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Thursday, July 19, 2018

Sherlock Holmes: A Game Of Shadows

A hat,coat tails,pipe,eyeglass; immaculate,serious,stern and not a person to be trifled with—for generations of us..

Written by Shalini Langer | Published: January 6, 2012 5:14:16 pm

A smokin’ sleuth

Director: Guy Ritchie

Cast: Robert Downey Jr,Jude Law,Jared Harris,Noomi Rapace,Stephen Fry ,Rachel McAdams

Rating: ***1/2

A hat,coat tails,pipe,eyeglass; immaculate,serious,stern and not a person to be trifled with—for generations of us who grew up reading Sherlock Holmes,Jeremy Brett from the 1984 TV series would always be him.

However,go back to the adventures the man at 221B street had,his experiments with drugs,his days without food,his hours in isolation,his obsession with detail,his scant regard for personal safety in pursuit of cases,his long collapses into moroseness,and you wonder if a man pushing 60 didn’t have a dash of colour about him to do all that.

Downey Jr is that colour. Guy Ritchie’s film,again,may go over and about the quiet confabulations and dark interiors of Sir Arthur Conan Doyle’s world,but it makes Holmes more of a person who belongs to that world. A Game Of Shadows goes further in that direction than the 2009 film,presenting Holmes in all the lurid details of his definitely non-dull existence.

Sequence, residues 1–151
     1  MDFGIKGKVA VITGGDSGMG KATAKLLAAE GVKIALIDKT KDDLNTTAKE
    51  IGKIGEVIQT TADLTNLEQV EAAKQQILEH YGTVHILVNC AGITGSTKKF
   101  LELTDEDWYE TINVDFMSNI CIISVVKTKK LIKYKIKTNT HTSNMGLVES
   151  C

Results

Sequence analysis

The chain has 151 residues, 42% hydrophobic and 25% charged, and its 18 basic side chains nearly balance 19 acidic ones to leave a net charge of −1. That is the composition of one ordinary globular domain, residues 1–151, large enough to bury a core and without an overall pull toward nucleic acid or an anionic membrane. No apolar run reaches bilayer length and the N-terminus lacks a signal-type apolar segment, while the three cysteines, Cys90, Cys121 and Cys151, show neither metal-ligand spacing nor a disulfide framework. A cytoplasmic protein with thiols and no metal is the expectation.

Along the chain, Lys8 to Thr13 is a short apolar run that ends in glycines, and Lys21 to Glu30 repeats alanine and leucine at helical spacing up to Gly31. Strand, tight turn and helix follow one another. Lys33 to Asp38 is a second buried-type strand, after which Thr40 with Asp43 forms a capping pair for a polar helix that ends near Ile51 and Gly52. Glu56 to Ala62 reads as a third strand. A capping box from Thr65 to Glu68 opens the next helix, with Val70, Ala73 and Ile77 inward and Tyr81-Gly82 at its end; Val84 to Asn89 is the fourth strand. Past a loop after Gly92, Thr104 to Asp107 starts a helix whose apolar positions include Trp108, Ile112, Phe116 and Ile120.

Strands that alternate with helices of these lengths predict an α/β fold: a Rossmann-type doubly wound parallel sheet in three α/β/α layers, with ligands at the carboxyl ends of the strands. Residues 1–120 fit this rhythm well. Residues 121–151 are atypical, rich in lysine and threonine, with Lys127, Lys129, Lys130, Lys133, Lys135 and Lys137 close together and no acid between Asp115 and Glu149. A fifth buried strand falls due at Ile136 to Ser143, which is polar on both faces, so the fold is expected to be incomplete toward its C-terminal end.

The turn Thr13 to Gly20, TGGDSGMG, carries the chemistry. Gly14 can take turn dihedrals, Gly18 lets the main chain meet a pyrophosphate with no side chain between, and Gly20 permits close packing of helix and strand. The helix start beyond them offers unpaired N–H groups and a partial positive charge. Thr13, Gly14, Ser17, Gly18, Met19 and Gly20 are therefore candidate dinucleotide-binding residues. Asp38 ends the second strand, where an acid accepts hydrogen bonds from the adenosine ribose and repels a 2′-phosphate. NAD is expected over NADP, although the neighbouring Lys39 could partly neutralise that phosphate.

Irene Adler appears but briefly,for this film goes further and broadly hints that what Holmes and Watson (Law) shared was more than just friendship. Watson is about to get married and surely,there is more to Holmes’s sadness than the fear of losing a constant companion. They even dance at one point even as Holmes touchingly leads Watson up to the altar,the former unusually quiet,the latter unusually reticent.

In the choice of its villain too, A Game of Shadows unveils the biggest one of them all — the notorious Professor Moriarty. Unlike Mark Strong’s sneering,glaring Lord Blackwood who seemed to belong to a rather current time and place in the 2009 film,Moriarty played by Harris is a villain of the old order – respectful of his adversaries and deferential of the surroundings in which to pick a battle.

Not that Ritchie can resist the “coolness” that defines his Holmes. Lots of things explode,people get shot and so on,but no one,ever,waits to hear that footstep on the stairs.

This is not the Holmes spotting small signs and watching these form themselves into a big picture. He is the big picture here,the clues filled in later as markers. It’s not the workings of a great mind that we see here,but the workings of a well-muscled body. Holmes the books are another matter.

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